There is a cost involved in doing this, so we will be increasing the price of domains to $15 /year, and Student and Faculty shared hosting accounts will be raised to $30 and $50 /year respectively. We understand increasing prices may not be ideal for many, but being able to guarantee Reclaimers’ online identity helps justify the costs while reinforcing an ethos of openness and vigilance when it comes to one’s digital lifebits.

Let us know in the comments below if you have questions or concerns.

Nota bene: Any existing coupon codes that entail bulk account purchases will be honored at previous pricing structure.

Password Management Ground Zero for Digital Literacy

During the open infrastructure panel at the OpenVA conference in Virginia Beach this past Fall, Martha Burtis had a great little tear about how we should focus less on centrally integrated IT systems that hide complexity, and push towards loosely coupled systems that reflect more accurately how the web works. She went on to advocate that rather than endlessly pursuing the holy grail of single sign-on, institutions should we spend time showing their community how to use a password manager. It’s a great, provocative bit, and captures Martha acumen quite nicely:

It’s a moment I have thought about many times since, and while I was traveling during the second week of the Domain of One’s Own Faculty Initiative this spring, Martha sat in for me with my cohort. She introduced them all to the password management tool LastPass, and effectively changed their digital lives :) I am only half kidding. If you have worked with faculty or students regularly, you quickly realize how difficult managing passwords is for most folks. I often tell #ds106 internauts that the biggest technical challenge they’ll face in the course is managing their various passwords, and it’s absolutely true.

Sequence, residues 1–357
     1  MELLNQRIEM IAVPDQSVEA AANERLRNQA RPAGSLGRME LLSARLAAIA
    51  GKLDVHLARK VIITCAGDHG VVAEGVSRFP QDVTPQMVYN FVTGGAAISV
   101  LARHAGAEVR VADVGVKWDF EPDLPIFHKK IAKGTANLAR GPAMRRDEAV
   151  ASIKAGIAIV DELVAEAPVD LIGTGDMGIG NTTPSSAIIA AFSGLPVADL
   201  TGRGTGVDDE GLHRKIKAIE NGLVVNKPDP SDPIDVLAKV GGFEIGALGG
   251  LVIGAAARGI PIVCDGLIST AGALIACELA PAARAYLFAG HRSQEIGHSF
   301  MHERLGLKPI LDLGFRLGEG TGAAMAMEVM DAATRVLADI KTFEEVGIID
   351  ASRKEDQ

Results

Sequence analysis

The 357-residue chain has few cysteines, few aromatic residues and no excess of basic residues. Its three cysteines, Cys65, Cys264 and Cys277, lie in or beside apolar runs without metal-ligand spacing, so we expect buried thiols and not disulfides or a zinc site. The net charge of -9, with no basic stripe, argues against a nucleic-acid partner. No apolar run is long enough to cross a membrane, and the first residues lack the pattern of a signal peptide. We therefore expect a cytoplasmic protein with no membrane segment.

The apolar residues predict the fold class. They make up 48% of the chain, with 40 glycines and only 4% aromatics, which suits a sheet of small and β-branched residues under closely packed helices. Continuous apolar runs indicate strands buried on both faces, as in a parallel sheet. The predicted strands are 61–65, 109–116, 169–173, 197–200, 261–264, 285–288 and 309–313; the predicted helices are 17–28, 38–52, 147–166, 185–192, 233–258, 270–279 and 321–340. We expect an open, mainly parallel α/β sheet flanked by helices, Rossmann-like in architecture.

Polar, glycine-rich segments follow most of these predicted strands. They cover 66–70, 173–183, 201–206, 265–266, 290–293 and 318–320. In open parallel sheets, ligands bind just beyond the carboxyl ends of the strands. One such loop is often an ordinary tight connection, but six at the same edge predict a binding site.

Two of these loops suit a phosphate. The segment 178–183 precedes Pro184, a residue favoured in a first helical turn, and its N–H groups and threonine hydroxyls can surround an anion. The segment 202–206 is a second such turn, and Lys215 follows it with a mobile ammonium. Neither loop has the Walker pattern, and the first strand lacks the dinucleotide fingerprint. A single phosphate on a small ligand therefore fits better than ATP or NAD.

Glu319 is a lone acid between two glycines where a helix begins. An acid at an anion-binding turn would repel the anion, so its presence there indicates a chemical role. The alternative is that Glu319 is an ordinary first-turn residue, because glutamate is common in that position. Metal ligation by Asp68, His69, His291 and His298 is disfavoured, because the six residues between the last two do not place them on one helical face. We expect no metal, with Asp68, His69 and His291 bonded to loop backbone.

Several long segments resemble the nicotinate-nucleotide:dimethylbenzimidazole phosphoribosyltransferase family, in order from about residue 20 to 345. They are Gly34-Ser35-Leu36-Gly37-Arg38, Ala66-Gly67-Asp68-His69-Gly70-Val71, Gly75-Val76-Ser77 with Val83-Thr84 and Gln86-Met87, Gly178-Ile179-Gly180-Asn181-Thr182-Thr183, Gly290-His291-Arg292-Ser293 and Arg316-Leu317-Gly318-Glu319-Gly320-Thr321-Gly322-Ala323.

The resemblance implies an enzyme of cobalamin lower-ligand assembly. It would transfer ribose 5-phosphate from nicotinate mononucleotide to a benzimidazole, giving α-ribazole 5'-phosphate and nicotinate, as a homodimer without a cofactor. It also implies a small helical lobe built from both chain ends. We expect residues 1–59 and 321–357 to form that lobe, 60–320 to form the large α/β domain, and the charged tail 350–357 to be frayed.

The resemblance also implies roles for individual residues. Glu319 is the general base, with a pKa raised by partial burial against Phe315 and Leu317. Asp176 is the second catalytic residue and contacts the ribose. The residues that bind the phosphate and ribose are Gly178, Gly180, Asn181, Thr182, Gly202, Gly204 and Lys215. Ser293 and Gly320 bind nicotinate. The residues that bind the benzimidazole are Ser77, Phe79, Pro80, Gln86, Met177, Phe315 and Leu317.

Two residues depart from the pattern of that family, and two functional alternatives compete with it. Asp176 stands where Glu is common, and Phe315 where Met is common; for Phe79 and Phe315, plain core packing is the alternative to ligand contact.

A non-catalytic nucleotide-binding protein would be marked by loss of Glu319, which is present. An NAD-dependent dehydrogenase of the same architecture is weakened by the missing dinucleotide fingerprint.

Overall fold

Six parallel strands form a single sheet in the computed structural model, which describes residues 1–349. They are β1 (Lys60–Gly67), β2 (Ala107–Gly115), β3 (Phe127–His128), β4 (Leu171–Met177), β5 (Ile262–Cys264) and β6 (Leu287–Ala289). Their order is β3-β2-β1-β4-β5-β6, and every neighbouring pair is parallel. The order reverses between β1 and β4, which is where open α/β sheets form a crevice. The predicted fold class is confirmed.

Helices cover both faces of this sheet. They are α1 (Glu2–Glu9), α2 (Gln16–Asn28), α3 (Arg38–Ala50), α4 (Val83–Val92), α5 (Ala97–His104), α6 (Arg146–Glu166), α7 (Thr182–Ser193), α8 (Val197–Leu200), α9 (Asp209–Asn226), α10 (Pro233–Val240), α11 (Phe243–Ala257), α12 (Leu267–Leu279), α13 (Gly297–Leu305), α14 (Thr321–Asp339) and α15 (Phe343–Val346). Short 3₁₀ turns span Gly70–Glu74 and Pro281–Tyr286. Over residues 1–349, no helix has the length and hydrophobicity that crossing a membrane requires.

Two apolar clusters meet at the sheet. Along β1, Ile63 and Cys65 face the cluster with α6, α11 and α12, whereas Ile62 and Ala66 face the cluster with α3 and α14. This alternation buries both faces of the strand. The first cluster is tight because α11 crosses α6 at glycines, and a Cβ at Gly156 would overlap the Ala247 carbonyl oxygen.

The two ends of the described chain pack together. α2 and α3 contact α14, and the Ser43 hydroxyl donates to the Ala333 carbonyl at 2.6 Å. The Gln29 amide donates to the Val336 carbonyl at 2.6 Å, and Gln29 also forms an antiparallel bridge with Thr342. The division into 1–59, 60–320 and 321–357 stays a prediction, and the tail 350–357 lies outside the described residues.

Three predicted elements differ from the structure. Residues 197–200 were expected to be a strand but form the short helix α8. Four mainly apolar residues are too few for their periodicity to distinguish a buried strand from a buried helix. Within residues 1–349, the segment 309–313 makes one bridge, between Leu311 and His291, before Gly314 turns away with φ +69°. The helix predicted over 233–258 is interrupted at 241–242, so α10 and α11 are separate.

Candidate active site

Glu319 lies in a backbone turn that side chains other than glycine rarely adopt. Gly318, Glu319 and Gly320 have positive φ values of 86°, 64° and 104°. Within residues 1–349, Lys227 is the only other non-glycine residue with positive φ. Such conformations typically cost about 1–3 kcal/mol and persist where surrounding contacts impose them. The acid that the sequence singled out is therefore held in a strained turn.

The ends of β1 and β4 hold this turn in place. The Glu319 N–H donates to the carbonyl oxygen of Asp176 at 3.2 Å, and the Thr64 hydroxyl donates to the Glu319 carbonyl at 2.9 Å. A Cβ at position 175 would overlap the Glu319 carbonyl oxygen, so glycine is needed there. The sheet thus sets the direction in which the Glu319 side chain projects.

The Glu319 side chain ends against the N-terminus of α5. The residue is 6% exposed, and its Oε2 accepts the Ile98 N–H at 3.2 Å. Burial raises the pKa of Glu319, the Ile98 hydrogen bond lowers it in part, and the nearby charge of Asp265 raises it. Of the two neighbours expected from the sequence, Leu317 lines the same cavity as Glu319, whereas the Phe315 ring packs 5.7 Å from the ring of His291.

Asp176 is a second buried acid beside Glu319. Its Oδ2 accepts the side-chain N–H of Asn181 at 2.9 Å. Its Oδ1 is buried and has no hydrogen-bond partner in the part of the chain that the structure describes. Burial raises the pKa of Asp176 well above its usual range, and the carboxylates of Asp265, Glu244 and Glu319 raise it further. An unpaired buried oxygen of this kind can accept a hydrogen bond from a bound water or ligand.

Password management tools like LastPass (we use that to collectively manage our DTLT passwords thanks to Ryan Brazell) and 1Password (we use that for Reclaim Hosting  thanks to Kin Lane) have increasingly become essential to my regular web workflow. With the advent of UMW Domains (not to mention all of our servers for Reclaim) I have as many as 25-30 different logins for work alone. Remembering them is impossible, and storing them locally on my browser or in my keychain is not only risky, but they don’t travel well (or at all) to other computers. Turns out learning a password management tool was one of the most useful lessons for me this year, and that was also the case for several UMW Domains faculty in my cohort, thanks to Martha.

I’m starting to think password management should be ground zero for literacy when it comes to managing your online world. It was immediately apparent how big an impact it made on faculty in the cohort. That might be why Kin Lane suggests your first step to reclaiming your online world is taking inventory of all your online services (as well as the logins and passwords) so you can actually begin to understand how extensive your online world is, and how much you need to start managing that presence. The lesson is both practical and conceptual all at once, it’s a great way to start any conversation around managing one’s identity online.